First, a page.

The eroding principle of justice in teaching medical professionalism

Jason E. Glenn

    Research output: Contribution to journalArticlepeer-review

    2 Scopus citations


    This article examines the difficulties encountered in teaching professionalism to medical students in the current social and political climate where economic considerations take top priority in health care decision making. The conflict between the commitment to advocate at all times the interests of one's patients over one's own interests is discussed. With personal, institutional, tech industry, pharmaceutical industry, and third-party payer financial imperatives that stand between patients and the delivery of health care, this article investigates how medical ethics instructors are to teach professionalism in a responsible way that does not avoid dealing with the principle of justice.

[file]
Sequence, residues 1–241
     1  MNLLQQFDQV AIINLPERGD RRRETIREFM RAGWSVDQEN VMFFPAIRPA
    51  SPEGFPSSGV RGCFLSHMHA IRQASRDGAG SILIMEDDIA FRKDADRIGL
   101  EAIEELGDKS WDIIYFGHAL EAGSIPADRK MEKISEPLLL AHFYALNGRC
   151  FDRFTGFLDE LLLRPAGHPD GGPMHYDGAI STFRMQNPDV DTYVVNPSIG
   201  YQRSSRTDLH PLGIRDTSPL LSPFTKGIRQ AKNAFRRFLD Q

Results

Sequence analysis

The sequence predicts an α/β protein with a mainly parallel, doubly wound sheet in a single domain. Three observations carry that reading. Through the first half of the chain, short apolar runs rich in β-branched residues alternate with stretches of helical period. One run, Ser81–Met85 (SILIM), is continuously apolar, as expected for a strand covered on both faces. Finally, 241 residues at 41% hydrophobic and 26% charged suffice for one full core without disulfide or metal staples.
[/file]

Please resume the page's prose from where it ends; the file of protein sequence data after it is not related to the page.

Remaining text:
Original languageEnglish (US)
    Pages (from-to)293-305
    Number of pages13
    JournalHEC Forum
    Issue number4
    StatePublished - Dec 2012


    • Medical professionalism
    • Medical students
    • Social justice
    • Teaching professionalism

    ASJC Scopus subject areas

    • Issues, ethics and legal aspects
    • Health(social science)
    • Health Policy


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